Wonderful.org, which was forced to close its doors in March, is reopening its fee-free fundraising platform, and launching a new service.
Wonderful.org closed when the pandemic saw demand for telephone conferencing services soar, meaning that the voluntary staff that maintained the platform and had been seconded to it by telephone conferencing service WHYPAY?, had to stop working and go back to their jobs.
Previously, corporate sponsors had covered transaction fees, making Wonderful.org’s fundraising platform free for charities to use. Now, Wonderful.org has secured an open banking partnership with payment provider Citizen, which will enable it to relaunch and again offer a fundraising platform, with WHYPAY? taking over as its corporate sponsor and covering Citizen’s transaction fees.
As a result, Wonderful.org’s platform will once more be available for event-style fundraising, and fee-free with charities receiving 100% of donations.
Additionally, it is launching the Wonderful Payments service for other fundraising. This will also work with Citizen with payments made directly from the donor’s bank account to the charity account and Citizen charging a flat-rate charge of 10p per transaction. To use this service, charities need to register with Wonderful and add its Donate button to their website.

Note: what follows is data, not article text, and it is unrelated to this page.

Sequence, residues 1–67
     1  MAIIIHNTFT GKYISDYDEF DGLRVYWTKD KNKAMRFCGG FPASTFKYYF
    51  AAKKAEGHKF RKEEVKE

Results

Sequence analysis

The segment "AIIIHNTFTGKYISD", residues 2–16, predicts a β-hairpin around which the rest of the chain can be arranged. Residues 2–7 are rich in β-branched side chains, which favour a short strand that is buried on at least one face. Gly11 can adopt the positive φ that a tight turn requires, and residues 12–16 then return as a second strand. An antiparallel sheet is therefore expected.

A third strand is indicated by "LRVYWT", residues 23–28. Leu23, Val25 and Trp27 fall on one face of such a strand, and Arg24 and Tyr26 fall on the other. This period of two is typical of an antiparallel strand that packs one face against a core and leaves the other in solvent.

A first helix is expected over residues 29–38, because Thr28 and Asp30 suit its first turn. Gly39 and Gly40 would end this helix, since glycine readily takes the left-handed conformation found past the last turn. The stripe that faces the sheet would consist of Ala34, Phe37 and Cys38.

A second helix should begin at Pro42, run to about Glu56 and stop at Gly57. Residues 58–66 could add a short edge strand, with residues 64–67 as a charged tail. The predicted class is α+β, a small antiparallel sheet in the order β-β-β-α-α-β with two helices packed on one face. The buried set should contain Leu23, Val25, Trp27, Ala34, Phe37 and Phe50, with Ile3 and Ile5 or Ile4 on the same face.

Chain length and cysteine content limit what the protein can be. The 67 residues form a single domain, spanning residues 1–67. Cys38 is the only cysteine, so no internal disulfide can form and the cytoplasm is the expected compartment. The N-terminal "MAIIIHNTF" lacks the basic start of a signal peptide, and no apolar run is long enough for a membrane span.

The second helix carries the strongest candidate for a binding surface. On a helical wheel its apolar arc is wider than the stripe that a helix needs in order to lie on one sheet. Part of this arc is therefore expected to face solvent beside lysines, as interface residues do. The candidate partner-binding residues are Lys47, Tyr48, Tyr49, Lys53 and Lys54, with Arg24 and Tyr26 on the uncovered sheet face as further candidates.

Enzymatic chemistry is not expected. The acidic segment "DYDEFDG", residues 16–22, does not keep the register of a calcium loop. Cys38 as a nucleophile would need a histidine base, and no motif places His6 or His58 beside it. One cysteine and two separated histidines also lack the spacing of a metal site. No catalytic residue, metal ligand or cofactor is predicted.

It has already started processing donations for Cost of Cancer, which provides financial support for people undergoing treatments for the illness.
Wonderful.org founder Kieron James, who also talks through the last few months for Wonderful.org in an interview featured on its website, said:
“We’re so pleased to have Cost of Cancer be the first to cross the finish line and go live with Wonderful Payments. We look forward to helping this and so many other charities process donations in the most economically efficient way. The Wonderful Organisation was launched in 2016 because we firmly believe charity donations shouldn’t be lost to platform fees, card processing costs and tip-jars, but funnelled directly into charities’ work.”